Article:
Pre-EU Referendum polls show a continuing (and even increasing) lead for the ‘Yes’ campaign for Britain to stay in the EU. However, I am concerned that the constant focus on immigration issues in the UK could overturn this lead by the time of the Referendum, resulting in a ‘No’ vote.
Many Britons have long been concerned about immigration, believing that it puts undue pressure on public services and reduces job opportunities for low-skilled workers already in the UK. I have always believed that immigration is a net gain for the country, but I have to accept that many people disagree with me. A recent poll showed that immigration is considered by UK residents to be our ‘number one problem’.
A combination of issues is making immigration the key issue in the EU Referendum campaign
Unfortunately we are now living through a combination of circumstances that will ensure immigration remains in the headlines for the foreseeable future, up to the likely time of the EU Referendum in late 2016 and beyond:
- Government figures for net migration to the UK are published every three months. The annual net migration figure keeps increasing (the latest figure was 318,000), but even if it declined it would remain far above the government’s ‘target’ of ‘tens of thousands’. Every time the figures are published, they result in howls of protest, which confirm the views of many that the country is being ‘swamped’ by migrants.
- Ongoing stories of disruption caused by intending migrants camping around Calais, allied to the genuine problems experienced by travellers across the Channel, suggest that we are virtually ‘besieged’ by migrants.
- The increasing numbers of migrants from Africa and the Middle East seeking to reach Europe across the Mediterranean, with many dying in the process, suggest that immigration is completely out of control at the European level.
Meanwhile, both national and EU politicians display a continuing inability to get to grip with the rapidly deteriorating migrant crisis. An EU meeting of Ministers from Member States will take place in two weeks’ time and will hopefully lead to a co-ordinated approach to the problem. This will likely involve centralised processing of intending migrants in the countries where they arrive, coupled with the sharing out of genuine refugees between all Member States. But it will take months to implement and will be accompanied by horrendous political arguments that will be covered avidly by the press.
Any reasonable solution to the current migrant crisis is likely to cause further upset in the UK, however. Many British people, while not xenophobic (for the most part), feel that our island location and sheer distance from the source of the ‘problem’, should exempt us from having to accept any of the migrants who arrive in mainland Europe. They are also convinced that the UK is ‘full up’ physically, and unable to accommodate any more people. Why should we be concerned about people who land up on the beaches of Italy or Greece? The UK already has an opt-out from EU rules that require some sharing out of refugees between Member States. I cannot imagine this opt-out surviving the forthcoming talks to co-ordinate migrant policy. The UK will have no choice but to accept a larger share of genuine refugees than it is currently doing. That is certain however to inflame the already febrile anti-immigration atmosphere in the UK. Many people in the UK will conclude that the country has a natural advantage in its island location and simply has to leave the EU to ‘solve’ the immigration problem at a stroke.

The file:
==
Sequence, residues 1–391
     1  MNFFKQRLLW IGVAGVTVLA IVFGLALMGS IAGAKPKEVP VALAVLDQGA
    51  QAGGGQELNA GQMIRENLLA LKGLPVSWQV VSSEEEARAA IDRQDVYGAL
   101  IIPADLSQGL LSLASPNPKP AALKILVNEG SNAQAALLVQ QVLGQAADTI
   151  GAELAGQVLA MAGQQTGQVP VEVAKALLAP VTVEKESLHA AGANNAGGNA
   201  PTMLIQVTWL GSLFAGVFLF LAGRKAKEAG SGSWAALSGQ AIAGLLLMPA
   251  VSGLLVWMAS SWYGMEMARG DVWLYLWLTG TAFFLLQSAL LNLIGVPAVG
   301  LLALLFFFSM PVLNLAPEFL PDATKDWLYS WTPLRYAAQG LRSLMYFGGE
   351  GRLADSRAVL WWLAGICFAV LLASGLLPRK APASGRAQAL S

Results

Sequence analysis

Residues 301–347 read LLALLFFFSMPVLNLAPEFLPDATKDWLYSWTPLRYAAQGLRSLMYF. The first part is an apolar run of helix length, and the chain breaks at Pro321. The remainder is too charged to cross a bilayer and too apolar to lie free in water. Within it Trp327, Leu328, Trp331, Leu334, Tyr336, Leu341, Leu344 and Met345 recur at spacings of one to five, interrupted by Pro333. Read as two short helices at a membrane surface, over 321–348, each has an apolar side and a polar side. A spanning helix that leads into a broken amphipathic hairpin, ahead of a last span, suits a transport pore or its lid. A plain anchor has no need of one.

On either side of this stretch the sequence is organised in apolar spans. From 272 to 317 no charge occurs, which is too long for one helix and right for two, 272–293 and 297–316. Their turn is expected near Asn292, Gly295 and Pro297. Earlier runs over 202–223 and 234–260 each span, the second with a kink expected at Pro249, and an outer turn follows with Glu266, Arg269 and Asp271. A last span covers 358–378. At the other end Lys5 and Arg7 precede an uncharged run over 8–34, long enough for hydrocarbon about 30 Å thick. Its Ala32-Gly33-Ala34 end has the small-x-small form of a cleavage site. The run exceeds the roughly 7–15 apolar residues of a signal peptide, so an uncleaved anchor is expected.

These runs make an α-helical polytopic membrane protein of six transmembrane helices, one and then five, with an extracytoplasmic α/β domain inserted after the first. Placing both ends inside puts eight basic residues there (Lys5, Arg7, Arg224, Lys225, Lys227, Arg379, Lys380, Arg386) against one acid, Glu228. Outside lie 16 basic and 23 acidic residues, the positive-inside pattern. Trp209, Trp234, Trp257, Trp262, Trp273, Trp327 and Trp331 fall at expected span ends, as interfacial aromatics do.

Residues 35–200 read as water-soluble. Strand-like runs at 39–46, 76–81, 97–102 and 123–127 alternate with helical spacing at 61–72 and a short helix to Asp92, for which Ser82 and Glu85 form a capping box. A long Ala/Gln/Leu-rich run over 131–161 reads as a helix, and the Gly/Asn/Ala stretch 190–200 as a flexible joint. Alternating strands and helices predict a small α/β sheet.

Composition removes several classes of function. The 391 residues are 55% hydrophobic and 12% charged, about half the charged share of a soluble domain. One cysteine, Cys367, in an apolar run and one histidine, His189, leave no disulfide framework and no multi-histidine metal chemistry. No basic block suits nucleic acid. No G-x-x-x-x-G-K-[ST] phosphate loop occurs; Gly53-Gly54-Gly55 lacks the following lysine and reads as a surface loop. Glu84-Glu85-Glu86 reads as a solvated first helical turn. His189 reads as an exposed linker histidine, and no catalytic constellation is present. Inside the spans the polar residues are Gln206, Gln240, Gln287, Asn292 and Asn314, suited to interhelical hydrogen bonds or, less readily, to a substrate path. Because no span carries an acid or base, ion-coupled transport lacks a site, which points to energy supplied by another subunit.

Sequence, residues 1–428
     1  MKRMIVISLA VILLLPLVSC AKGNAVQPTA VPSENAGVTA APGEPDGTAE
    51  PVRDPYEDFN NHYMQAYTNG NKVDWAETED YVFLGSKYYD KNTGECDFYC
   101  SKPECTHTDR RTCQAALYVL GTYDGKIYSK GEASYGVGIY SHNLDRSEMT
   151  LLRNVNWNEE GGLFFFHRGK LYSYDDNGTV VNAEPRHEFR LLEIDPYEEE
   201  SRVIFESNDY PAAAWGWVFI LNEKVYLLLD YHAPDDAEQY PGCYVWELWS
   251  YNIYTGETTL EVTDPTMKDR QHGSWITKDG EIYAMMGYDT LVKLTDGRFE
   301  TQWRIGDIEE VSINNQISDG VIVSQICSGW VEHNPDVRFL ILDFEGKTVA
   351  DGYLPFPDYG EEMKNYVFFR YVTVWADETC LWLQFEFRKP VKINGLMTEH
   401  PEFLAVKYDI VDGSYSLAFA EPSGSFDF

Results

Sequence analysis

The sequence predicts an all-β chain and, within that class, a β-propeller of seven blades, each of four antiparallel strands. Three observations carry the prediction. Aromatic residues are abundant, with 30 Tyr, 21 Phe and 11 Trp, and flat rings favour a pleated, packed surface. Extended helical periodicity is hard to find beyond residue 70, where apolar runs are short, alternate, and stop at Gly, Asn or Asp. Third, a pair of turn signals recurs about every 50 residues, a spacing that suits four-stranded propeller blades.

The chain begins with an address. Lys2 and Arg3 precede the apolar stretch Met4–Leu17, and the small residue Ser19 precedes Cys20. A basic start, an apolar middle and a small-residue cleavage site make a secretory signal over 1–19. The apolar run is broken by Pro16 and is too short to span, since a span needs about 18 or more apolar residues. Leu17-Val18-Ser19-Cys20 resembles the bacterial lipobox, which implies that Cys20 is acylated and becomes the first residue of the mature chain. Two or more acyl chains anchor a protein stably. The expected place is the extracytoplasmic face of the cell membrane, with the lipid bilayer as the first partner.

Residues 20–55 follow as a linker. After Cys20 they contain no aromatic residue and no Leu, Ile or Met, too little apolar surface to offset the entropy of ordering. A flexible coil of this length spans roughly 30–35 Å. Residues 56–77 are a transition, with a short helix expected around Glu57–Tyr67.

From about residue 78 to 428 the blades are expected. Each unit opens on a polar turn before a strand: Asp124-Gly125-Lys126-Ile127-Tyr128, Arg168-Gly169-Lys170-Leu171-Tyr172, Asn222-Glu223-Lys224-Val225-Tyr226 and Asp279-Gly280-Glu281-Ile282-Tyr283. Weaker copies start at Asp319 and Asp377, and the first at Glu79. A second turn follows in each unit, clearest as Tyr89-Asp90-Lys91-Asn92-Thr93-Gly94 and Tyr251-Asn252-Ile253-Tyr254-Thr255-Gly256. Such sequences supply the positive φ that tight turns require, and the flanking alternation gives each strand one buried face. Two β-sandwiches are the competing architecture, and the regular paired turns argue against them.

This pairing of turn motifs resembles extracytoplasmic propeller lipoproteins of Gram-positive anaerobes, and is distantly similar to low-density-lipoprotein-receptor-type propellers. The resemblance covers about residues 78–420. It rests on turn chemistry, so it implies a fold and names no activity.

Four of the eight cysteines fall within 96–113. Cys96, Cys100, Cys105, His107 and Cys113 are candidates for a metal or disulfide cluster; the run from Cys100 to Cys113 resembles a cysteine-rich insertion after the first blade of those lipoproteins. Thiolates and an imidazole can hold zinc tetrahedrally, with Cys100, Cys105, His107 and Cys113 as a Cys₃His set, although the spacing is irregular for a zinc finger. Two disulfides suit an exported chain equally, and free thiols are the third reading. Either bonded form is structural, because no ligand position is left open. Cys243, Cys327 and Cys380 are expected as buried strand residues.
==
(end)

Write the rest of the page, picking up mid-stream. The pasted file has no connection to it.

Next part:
Nigel Farage has said that immigration should be the main issue for the ‘No’ side in the EU Referendum campaign. I expect he will get his way on this, as it will definitely be the best way for the’No’ side to win the Referendum. The more emphasis there is on ‘out of control’ immigration, the easier it will be to deflect voters’ minds from the negative economic and social effects Brexit would have. The fact that Britons would no longer be able to study, work or retire elsewhere in the EU after Brexit would barely register with a public determined to bring immigration under control.
The ‘Yes’ campaign will therefore have to devise a strategy for responding to a ‘No’ campaign founded on the negative effects (whether real or imagined) of immigration. It will not be enough for the ‘Yes’ campaign to focus on statistics and studies that suggest Brexit would be an economic disaster, or that immigration is on balance a net gain for the UK because migrants pay more taxes and claim fewer benefits than locals. Newspapers clamouring for us to leave the EU will simply say all of this is untrue and they will be believed. It is not difficult to trash statistics and academic studies.
How to counter the ‘No’ side’s arguments that immigration must be ‘brought under control’
For the ‘Yes’ campaign to win, it will have to provide an emotionally convincing alternative to the narrative that immigration is altogether a bad thing. A key element should be the need to show solidarity with our fellow Europeans. After all, our failure to do so during the 1930s (when Prime Minister Neville Chamberlain described German aggression against Czechoslovakia as “a quarrel in a far-away country between people of whom we know nothing”) did not prevent the UK being swept into WWII. Another element should be the fact that immigrants have contributed hugely to the UK’s present prosperity, while just as many UK nationals have moved to other EU countries as have come to the UK. These arguments will not be enough, however, and I can only hope that the ‘Yes’ campaign is able to select a leader who can put the pro-European case in a fundamentally positive way. By all means point out the certain damage to the economy that Brexit would cause, but focus on the positive advantages EU membership provides to the British people.